Ambulight PDTPhotodynamic therapy (PDT) is said to be a treatment for cancer concerning three vital components namely a photosensitizer, light, and tissue oxygen. The Ambulight PDT by Ambicare Health was formally uncloaked to vital European practitioners at The European Society for Photodynamic Therapy (‘Society’ or ‘Euro-PDT’) 10th Annual Congress in Monte-Carlo in Monaco.

The Ambulight PDT would be displayed to members of the Society from all across Europe. The device was given CE Mark approval last year facilitating active promotion of it in Europe. The Euro-PDT is claimed to be one of Europe’s most esteemed conferences for new developments and research in all factors of PDT for skin diseases.

This conference may provide Dr Andrew McNeill, Director and Principle Scientist of Ambicare Health the chance to exhibit the company’s research apparently for the first time on Ambulatory light sources for PDT.

Ambulight PDT is claimed to be the world’s first skin cancer treatment by means of a minute disposable light releasing sticking plaster worn by the patient. This is supposedly used in combination with a prescribed pharmaceutical, for the treatment of non-melanoma skin cancer. This plaster appears to offer PDT treatment straightaway to the skin lesion site.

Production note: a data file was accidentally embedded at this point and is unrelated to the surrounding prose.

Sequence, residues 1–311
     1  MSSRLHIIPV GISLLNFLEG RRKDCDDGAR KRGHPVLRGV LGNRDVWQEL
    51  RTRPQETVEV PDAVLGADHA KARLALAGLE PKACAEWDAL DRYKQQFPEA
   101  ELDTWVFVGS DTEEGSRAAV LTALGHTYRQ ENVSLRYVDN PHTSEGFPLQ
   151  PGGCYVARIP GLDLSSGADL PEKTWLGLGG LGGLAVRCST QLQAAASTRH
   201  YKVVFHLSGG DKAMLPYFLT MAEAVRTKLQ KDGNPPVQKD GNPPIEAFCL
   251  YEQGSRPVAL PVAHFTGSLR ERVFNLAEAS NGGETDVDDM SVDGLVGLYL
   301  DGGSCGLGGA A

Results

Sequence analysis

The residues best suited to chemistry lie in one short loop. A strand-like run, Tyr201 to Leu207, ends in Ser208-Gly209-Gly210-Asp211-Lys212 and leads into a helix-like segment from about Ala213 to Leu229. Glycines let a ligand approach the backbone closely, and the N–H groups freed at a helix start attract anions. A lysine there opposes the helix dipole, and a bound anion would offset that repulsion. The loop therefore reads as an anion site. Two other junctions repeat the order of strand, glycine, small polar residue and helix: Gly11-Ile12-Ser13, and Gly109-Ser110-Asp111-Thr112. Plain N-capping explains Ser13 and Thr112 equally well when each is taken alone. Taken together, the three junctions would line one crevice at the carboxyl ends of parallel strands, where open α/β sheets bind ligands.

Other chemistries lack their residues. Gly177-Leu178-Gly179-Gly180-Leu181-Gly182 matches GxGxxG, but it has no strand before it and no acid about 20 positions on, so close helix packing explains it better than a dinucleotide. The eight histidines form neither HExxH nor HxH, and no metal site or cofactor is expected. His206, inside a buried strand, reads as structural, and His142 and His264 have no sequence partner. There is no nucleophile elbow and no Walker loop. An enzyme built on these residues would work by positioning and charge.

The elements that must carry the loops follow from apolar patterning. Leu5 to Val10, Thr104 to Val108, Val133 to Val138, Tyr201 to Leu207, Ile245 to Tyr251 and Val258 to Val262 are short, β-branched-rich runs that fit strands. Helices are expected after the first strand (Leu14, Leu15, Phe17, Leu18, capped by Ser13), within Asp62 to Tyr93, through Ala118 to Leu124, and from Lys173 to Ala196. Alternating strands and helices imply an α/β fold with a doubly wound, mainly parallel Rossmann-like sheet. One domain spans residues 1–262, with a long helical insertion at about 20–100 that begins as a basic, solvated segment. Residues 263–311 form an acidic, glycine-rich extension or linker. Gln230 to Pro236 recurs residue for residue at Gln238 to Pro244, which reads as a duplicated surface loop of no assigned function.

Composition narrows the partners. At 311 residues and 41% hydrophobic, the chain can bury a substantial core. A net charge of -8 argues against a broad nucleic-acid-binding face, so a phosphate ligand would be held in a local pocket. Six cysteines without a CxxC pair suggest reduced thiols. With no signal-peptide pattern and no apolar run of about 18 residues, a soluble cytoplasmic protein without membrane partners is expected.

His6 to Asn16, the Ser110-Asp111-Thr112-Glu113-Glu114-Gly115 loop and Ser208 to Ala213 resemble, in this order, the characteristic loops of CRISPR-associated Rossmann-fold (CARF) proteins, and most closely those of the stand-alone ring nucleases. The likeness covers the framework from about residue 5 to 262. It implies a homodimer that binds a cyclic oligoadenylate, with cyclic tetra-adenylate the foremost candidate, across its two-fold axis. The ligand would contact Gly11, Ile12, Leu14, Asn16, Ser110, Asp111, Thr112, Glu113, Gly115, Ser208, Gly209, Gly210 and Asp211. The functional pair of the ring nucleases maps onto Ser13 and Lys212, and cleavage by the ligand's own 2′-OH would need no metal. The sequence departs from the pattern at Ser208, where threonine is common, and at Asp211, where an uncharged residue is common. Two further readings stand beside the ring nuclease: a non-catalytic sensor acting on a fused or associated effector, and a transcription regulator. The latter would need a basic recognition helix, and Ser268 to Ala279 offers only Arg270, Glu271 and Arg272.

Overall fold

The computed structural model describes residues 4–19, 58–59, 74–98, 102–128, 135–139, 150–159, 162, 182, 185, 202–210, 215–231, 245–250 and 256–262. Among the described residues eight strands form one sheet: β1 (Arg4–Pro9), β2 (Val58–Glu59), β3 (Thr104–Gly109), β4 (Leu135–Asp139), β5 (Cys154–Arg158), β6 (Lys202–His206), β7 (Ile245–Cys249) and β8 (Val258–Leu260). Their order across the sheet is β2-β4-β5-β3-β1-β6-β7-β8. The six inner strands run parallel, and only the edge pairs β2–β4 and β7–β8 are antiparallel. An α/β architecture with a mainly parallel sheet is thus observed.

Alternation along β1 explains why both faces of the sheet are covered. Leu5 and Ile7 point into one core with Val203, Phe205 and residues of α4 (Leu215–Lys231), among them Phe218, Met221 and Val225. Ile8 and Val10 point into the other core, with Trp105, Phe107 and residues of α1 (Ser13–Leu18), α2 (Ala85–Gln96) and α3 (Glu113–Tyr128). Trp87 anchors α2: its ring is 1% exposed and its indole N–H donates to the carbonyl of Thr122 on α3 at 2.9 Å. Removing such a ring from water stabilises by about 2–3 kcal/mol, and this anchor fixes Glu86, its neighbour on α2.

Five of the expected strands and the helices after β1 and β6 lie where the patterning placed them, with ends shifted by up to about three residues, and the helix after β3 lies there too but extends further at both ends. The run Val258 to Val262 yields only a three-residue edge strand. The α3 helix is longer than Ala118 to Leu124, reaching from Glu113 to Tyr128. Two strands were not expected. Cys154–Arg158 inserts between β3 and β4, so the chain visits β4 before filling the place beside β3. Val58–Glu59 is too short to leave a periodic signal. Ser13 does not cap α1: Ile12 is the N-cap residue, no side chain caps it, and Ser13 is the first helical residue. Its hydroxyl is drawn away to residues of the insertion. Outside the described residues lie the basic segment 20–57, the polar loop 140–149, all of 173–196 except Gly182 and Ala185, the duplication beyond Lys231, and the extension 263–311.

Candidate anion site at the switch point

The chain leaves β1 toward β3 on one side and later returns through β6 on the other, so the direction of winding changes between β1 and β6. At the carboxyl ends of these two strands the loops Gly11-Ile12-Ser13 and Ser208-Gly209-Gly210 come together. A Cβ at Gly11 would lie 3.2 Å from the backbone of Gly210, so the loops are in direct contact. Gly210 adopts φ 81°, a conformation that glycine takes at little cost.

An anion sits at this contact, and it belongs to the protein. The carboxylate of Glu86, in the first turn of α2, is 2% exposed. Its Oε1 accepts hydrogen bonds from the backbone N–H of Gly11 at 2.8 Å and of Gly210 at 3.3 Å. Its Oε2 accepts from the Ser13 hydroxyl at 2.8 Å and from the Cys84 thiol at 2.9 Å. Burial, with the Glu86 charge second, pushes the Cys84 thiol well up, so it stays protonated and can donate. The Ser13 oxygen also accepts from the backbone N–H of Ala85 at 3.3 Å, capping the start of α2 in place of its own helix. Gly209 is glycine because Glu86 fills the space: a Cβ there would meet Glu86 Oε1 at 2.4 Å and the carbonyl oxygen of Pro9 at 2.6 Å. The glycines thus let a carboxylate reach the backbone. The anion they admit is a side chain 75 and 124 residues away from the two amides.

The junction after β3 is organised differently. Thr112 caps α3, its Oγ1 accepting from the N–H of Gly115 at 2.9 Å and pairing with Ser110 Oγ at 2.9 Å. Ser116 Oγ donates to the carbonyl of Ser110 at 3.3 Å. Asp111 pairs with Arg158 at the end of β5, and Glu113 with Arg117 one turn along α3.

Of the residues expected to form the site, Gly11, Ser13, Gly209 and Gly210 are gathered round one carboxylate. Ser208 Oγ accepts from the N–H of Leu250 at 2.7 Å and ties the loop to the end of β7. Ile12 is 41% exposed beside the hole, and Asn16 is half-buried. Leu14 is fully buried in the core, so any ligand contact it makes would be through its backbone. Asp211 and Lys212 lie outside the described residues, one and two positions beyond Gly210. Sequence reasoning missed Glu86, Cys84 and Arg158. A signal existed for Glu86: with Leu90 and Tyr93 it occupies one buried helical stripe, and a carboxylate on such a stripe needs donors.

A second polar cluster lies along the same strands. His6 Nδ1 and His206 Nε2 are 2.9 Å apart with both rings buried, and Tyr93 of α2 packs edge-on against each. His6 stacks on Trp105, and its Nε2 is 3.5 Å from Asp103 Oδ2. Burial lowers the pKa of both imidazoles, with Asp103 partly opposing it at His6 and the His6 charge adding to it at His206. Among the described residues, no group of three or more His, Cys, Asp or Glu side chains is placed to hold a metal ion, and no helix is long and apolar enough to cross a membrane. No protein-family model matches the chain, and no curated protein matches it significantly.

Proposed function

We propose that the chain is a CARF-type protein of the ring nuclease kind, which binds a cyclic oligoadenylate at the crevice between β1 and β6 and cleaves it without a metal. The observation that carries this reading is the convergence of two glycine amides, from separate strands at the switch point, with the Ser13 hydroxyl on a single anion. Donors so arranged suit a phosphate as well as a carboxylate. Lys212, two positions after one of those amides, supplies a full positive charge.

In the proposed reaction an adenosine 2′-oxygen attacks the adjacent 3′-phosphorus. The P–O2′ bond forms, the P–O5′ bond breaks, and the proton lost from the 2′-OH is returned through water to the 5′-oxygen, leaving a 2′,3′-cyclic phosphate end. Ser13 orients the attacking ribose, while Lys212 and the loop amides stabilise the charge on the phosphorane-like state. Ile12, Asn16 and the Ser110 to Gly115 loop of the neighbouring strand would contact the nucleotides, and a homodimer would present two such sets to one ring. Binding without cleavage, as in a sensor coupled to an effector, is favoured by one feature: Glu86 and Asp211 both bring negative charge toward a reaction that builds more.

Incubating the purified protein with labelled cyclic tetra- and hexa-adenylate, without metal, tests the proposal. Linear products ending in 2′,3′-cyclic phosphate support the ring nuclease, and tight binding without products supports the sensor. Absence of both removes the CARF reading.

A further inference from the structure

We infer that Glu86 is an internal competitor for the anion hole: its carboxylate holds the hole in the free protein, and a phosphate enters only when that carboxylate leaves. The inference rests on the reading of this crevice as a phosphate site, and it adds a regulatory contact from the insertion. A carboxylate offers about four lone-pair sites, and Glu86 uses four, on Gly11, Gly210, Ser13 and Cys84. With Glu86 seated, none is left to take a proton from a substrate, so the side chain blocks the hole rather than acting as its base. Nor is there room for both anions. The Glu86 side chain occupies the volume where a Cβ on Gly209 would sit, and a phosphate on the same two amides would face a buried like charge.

Ian Muirhead, CEO of Ambicare Health, commented, “The Ambulight PDT is the most advanced ambulatory PDT device to treat non-melanoma skin cancer to be developed to date. We believe that it is the future for this kind of treatment; Ambulight PDT will reduce costs for the healthcare provider by freeing up hospital day patient beds or cubicles and improve patient care by allowing them to continue with their normal daily lives during treatment. The Euro-PDT congress is an important platform for us to demonstrate the technology and research that has been years in the development and to further emphasis the benefits this revolutionary product could bring to a global market.”

The device supplies healthcare providers the chance to alter patient care by enabling PDT to be more available and facilitating patients to carry on with their usual daily routine while going through PDT treatment.

Moreover, pilot clinical trials supposedly have specified that this treatment method appears to have lower pain as opposed to traditional techniques whilst still acquiring a corresponding result.